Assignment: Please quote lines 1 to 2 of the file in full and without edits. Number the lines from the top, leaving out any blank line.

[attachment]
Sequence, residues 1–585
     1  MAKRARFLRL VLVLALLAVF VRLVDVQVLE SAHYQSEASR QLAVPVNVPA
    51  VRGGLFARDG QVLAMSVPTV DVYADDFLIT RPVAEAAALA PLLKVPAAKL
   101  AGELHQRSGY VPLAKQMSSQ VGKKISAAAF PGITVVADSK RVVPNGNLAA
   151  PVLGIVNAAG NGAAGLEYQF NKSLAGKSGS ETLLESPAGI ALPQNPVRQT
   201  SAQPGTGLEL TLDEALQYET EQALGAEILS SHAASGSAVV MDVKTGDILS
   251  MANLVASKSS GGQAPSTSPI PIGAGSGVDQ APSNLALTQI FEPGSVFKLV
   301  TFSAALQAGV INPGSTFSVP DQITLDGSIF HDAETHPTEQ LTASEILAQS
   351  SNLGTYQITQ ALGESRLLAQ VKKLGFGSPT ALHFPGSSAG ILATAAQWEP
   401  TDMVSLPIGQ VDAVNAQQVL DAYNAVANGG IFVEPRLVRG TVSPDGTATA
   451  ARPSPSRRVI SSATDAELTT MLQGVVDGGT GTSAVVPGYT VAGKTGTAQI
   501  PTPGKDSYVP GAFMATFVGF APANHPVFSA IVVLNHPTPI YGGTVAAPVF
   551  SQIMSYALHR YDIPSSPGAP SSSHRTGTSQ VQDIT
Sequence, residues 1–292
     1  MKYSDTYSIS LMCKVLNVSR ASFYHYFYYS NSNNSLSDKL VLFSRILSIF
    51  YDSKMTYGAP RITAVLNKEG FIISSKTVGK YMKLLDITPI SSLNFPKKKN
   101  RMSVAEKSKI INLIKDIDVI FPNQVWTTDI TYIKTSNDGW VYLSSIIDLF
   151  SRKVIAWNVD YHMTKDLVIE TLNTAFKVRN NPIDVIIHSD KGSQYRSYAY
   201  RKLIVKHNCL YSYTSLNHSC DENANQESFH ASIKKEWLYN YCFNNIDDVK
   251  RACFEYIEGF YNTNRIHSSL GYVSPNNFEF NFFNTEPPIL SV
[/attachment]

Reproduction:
Sequence, residues 1–585
     1  MAKRARFLRL VLVLALLAVF VRLVDVQVLE SAHYQSEASR QLAVPVNVPA